[_e] eDepartment of Medicine, Johns Hopkins University School of Medicine, Baltimore, Maryland, USA
                [_f] fWelch Center for Prevention, Epidemiology, and Clinical Research, Baltimore, Maryland, USA
                [_g] gDepartment of Health, Behavior, and Society, Johns Hopkins Bloomberg School of Public Health, Baltimore, Maryland, USA
                [_h] hKidney Health Research Collaborative, Department of Medicine, University of California, San Francisco and Department of Medicine, San Francisco VA Medical Center, San Francisco, California, USA
                [_i] iDivision of Geriatric Medicine and Gerontology, Johns Hopkins University School of Medicine, Baltimore, Maryland, USA
                [_j] jDepartment of Biostatistics, Johns Hopkins Bloomberg School of Public Health, Baltimore, Maryland, USA
                [_k] kDivision of Nephrology, Department of Pediatrics and Medicine, The Hospital for Sick Children, University Health Network and University of Toronto, Toronto, Ontario, Canada
                Author notes
                *Mara A. McAdams-DeMarco, Department of Epidemiology, Johns Hopkins School of Public Health, 615 N. Wolfe Street W6033, Baltimore 21205 (USA), mara@jhu.edu
                508576 Am J Nephrol 2020;51:501–510
                © 2020 S. Karger AG, Basel

                Copyright: All rights reserved. No part of this publication may be translated into other languages, reproduced or utilized in any form or by any means, electronic or mechanical, including photocopying, recording, microcopying, or by any information storage and retrieval system, without permission in writing from the publisher. Drug Dosage: The authors and the publisher have exerted every effort to ensure that drug selection and dosage set forth in this text are in accord with current recommendations and practice at the time of publication. However, in view of ongoing research, changes in government regulations, and the constant flow of information relating to drug therapy and drug reactions, the reader is urged to check the package insert for each drug for any changes in indications and dosage and for added warnings and precautions. This is particularly important when the recommended agent is a new and/or infrequently employed drug. Disclaimer: The statements, opinions and data contained in this publication are solely those of the individual authors and contributors and not of the publishers and the editor(s). The appearance of advertisements or/and product references in the publication is not a warranty, endorsement, or approval of the products or services advertised or of their effectiveness, quality or safety. The publisher and the editor(s) disclaim responsibility for any injury to persons or property resulting from any ideas, methods, instructions or products referred to in the content or advertisements.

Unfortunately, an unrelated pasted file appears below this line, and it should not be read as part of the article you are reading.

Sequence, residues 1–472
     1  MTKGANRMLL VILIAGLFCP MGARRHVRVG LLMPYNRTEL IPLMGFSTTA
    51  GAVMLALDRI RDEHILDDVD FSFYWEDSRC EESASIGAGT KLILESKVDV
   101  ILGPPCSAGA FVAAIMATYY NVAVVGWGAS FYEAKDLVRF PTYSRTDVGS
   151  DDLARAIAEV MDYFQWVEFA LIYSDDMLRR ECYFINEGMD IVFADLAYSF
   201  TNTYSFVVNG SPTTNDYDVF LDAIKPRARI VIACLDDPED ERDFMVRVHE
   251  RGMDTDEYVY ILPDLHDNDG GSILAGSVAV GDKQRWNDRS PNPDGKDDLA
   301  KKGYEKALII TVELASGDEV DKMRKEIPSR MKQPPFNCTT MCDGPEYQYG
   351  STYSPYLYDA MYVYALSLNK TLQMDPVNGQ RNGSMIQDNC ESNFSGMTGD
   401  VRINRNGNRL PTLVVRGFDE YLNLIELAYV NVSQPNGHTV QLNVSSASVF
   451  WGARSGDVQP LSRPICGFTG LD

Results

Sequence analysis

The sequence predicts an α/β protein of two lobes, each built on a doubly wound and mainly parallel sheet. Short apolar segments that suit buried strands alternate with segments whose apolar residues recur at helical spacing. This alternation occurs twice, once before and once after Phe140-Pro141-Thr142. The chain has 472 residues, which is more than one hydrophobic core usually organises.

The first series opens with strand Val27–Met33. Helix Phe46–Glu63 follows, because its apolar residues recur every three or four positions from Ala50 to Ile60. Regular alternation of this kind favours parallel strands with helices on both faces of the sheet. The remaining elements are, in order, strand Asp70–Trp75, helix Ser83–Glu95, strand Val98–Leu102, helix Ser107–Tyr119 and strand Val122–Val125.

: 27 March 2020
                : 09 May 2020
                Page count
                Figures: 3, Tables: 2, Pages: 10
                Transplantation: Research Article

                Cardiovascular Medicine,Nephrology
                Age,Frailty,End-stage kidney disease,Dialysis,Kidney transplantation